Solve Regression in Python

data = read.csv("./data/insurance.csv", skip= 5, header=TRUE)
head(data)
claims	payment
	<int&gt;	<dbl&gt;
1	108	392.5
2	19	46.2
3	13	15.7
4	124	422.2
5	40	119.4
6	57	170.9

Looking OK – but since we are reading data from file, we have to ensure that Python is not reading integers as strings or other object types. Let’s quickly verify if the data types are correct.

class(data$claims)
 'integer'      
class(data$payment)
'numeric' 

Looking good. Now, onto LinearRegression. We don’t have to install any specific packages to do linear regression in R. As part of base R, we have a function called lm ( ).

model = lm( payment ~ claims, data = data)

Our model is ready. Let’s start predicting claims based on the count of claims. We will be using the predict method. But before we do that, let’s plot this out to understand what we have done so far.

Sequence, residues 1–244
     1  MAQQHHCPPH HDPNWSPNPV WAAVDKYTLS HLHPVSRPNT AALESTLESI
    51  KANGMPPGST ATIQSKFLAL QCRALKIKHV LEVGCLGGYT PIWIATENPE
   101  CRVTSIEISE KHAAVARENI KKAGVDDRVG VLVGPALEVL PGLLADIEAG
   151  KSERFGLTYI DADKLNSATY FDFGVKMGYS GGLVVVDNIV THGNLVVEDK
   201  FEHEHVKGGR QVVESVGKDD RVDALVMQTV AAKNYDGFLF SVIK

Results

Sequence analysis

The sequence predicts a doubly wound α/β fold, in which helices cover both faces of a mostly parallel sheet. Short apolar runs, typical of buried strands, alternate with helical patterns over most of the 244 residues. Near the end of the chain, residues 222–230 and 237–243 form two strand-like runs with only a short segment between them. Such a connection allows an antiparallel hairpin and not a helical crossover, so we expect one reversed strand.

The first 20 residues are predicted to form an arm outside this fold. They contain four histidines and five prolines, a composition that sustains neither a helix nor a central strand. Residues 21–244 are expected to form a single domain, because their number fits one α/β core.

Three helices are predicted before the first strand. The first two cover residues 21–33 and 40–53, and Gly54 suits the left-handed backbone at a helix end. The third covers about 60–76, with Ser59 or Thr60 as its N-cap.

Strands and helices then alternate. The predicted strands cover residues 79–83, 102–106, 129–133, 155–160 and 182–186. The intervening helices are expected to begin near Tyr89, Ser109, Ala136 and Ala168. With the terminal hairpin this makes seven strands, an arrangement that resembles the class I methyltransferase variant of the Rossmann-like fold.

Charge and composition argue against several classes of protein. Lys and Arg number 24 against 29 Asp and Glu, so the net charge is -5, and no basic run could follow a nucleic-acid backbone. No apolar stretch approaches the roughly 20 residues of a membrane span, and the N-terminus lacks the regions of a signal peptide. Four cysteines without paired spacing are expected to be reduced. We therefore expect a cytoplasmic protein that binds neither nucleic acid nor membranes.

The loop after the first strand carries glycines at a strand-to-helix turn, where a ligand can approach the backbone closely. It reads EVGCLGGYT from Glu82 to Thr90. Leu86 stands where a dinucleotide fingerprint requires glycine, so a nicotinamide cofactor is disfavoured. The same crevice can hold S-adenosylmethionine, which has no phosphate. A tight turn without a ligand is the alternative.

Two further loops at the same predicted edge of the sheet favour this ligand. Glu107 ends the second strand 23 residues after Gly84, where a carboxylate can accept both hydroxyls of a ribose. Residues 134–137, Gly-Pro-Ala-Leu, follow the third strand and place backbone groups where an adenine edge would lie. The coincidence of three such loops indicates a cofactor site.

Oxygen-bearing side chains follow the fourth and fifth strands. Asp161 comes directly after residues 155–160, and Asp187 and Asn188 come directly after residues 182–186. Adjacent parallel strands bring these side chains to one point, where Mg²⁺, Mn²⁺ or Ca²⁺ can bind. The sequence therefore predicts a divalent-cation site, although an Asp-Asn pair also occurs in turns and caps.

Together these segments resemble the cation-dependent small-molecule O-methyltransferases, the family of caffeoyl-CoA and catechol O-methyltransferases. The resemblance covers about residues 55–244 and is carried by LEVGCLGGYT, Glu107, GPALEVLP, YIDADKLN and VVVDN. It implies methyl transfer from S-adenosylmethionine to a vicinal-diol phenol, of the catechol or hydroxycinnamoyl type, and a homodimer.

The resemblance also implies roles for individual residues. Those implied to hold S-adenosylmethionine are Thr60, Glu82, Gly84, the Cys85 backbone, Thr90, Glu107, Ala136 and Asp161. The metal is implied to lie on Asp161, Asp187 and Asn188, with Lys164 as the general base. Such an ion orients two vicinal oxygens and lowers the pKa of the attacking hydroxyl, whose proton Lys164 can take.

# pch stands for plotting characteristics. 
# A value of 19 means that it is a solid dot (as opposed to a default hollow dot)
plot( data$claim,data$payment,pch = 19, col = "blue")

predict = predict(model, data = data[,1])

Linear Regression has already solve this problem for us – we just didn’t realize it yet. The parameters ( also called co-efficients )

  • slope
  • intercept

are the solution.

intercept = coef(model)[1]
slope     = coef(model)[2]

cat ("slope = ", slope, "\n")
cat ("intercept = ", intercept)
slope =  3.413824 
intercept =  19.99449
plot( data$claim,data$payment,pch = 19, col = "blue")
lines(data$claim, fitted(model), col="red")

In case you are wondering how this line was draw, you can very well use the slope and intercept parameters to draw the same line.